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NZD (New Zealand Dollar)

The New Zealand Dollar is often called the 'Kiwi', as the $1 coin depicts the kiwi bird that New Zealand is often associated with. The New Zealand Dollar has consistenly been one of the top 10 most-traded currencies in the world, and interest rate differentials after the financial collapse have helped the currency to remain popular amongst Forex traders.

NZD News and Analysis

US Dollar May Rise if Home Sales Top Estimates, Boosting Fed Outlook
The US Dollar may rise if November’s Existing Home Sales data tops economists’ forecasts, boosting Federal Reserve interest rate hike expectations.
NZD/USD Technical Analysis: Treading Water Near 0.77
Euro Flounders at Yearly Lows as Likelihood of ECB QE Increases
Euro bulls shouldn’t be too comfortable, seeing as short covering has only produced a mild upswing in price.
Yen Down on Risk Appetite Swell But Year-End Flows May Fuel Turn
The Japanese Yen fell on ebbing haven demand as risk appetite swelled overnight but the return of year-end flows may trigger a reversal and send the currency higher.
NZD/USD Technical Analysis: Waiting for Direction Cues
US Dollar Once Again Looks like a Buy versus Euro, Major Currencies
The US Dollar once again looks like a buy versus the Euro and other FX counterparts as a sharp shift in sentiment points to gains. Here’s what we’re watching.
New Zealand Dollar Reversal is Short-Lived
The New Zealand Dollar showed early signs of setting a lasting low versus the US Dollar, but a recent shift in sentiment keeps our bias towards selling NZD gains until further not...
Swiss Franc Sinks as SNB Surprises with Negative Interest Rates
The Swiss Franc tumbled against the major currencies after the Swiss National Bank unexpectedly dropped interest rates into negative territory.
NZD/USD Technical Analysis: Support Below 0.77 in Focus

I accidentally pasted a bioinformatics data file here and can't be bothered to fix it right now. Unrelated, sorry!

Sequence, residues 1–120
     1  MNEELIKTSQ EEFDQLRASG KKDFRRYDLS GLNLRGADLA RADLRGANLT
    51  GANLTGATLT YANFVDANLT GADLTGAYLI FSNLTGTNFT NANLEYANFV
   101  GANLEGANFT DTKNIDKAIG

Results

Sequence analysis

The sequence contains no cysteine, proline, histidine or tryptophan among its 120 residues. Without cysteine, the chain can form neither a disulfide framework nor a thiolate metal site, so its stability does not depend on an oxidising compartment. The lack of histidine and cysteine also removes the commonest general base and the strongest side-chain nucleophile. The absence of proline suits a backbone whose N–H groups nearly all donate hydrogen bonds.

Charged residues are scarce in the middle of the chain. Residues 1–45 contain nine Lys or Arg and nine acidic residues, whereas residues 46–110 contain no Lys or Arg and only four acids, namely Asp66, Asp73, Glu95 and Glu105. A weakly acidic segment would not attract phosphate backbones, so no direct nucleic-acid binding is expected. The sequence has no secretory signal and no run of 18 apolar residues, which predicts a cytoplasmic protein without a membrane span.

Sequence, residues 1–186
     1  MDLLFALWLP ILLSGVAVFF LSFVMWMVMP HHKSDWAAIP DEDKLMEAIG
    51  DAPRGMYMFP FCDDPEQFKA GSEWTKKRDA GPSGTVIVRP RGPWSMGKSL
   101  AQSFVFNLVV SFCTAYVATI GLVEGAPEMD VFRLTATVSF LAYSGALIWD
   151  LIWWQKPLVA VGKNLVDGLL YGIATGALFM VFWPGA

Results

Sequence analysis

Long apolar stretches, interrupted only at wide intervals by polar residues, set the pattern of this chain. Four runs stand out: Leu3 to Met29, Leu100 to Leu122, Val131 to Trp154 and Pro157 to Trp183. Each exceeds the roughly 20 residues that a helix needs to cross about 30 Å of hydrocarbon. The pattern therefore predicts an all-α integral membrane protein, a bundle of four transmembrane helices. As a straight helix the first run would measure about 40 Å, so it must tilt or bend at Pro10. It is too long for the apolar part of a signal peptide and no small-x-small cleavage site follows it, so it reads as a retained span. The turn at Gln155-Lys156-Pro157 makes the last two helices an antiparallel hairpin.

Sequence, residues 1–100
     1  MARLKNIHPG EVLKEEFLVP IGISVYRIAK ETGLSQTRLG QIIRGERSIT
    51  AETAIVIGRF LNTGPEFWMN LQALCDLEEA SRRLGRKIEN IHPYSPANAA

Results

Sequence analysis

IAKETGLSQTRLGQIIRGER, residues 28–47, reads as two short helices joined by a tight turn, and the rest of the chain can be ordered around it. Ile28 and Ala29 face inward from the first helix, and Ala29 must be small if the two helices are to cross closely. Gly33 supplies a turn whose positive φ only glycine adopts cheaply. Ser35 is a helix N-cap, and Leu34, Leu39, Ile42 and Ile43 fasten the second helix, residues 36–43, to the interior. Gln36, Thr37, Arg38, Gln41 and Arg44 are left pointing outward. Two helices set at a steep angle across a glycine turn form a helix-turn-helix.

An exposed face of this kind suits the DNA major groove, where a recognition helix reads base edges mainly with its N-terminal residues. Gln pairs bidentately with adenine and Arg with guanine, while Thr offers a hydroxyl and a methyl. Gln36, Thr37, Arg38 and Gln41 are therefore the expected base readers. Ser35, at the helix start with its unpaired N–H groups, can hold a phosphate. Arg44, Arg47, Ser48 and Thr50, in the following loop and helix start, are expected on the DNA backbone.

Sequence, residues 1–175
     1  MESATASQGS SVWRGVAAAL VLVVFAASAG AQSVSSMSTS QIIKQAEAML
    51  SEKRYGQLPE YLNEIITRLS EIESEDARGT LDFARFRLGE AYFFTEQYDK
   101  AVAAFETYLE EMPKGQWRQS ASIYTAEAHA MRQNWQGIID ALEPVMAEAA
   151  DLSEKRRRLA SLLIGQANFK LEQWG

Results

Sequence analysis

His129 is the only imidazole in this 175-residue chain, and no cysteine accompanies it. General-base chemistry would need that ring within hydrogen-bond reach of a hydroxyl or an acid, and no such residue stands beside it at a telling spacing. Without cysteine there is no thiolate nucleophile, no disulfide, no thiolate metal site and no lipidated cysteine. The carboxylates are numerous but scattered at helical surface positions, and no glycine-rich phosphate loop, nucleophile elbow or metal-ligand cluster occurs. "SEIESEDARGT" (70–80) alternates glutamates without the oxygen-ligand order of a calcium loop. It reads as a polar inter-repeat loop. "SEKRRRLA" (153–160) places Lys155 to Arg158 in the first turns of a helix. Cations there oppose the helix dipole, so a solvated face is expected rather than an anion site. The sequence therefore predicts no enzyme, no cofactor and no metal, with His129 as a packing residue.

NZD/USD Technical Analysis: Waiting for Trade Opportunity

New Zealand Dollar Trading Forecast

Symbol Forecast Outlook

Forex Economic Calendar

Current Time:

GMT0 17:40    

  • (GMT -12) GMT-12:00
  • (GMT -11) GMT-11:00
  • (GMT -10) Aleutian, Hawaii
  • (GMT -9) Alaska
  • (GMT -8) Los Angeles, Vancouver
  • (GMT -7) US & Canada
  • (GMT -6) Chicago, Mexico City
  • (GMT -5) Toronto, New York
  • (GMT -4) Halifax
  • (GMT -3) Buenos Aires, Santiago
  • (GMT -2) Brasilia, DeNoronha
  • (GMT -1) GMT-01:00
  • (GMT +0) Lisbon, London, UTC
  • (GMT +1) Paris, Berlin
  • (GMT +2) Istanbul, Athens
  • (GMT +3) Nairobi
  • (GMT +4) Dubai, Moscow
  • (GMT +5) Karachi, Islamabad
  • (GMT +5:30) Mumbai, Delhi
  • (GMT +6) Dhaka, Almaty
  • (GMT +7) Jakarta, Bangkok
  • (GMT +8) Shanghai, Singapore
  • (GMT +9) Tokyo, Seoul
  • (GMT +9:30) Darwin
  • (GMT +10) Brisbane
  • (GMT +10:30) Adelaide
  • (GMT +11) Vladivostok, Sydney, Melbourne
  • (GMT +12) GMT+12:00
  • (GMT +13) Auckland, Fiji
  • (GMT +14) Samoa
Date Time Currency Event Importance Actual Forecast Previous Notes
There are no events scheduled.

The New Zealand Dollar came into existence in 1967 after the country shifted away from the New Zealand Pound. The New Zealand Dollar was initially pegged to the US Dollar at a rate of one New Zealand Dollar equaling $1.6200 US Dollars, although the peg was changed later in the year of introduction to $1.12 US Dollars for each New Zealand Dollar. This peg was managed and changed up until 1985 in which The New Zealand Dollar was set to free-float.


Monetary Policy for the economy and the New Zealand Dollar is controlled by The Reserve Bank of New Zealand. The bank embarked on intervention efforts in June of 2007 for the first time since the currency was allowed to free-float, largely in an effort to drive the value of NZD lower.


These efforts were largely seen as ineffective as The New Zealand Dollar moved to new post-float highs of .8103 shortly thereafter. However, after printing a new high in early 2008, the Financial Collapse sparked a massive move in the currency that eventually saw the New Zealand Dollar trading below .50 against the US Dollar.


After bottoming below .50 against the US Dollar in March of 2009, the currency embarked on a massive move, gaining more than 75% against the US Dollar over the next two-and-one-half years, creating more calls within government for additional easing.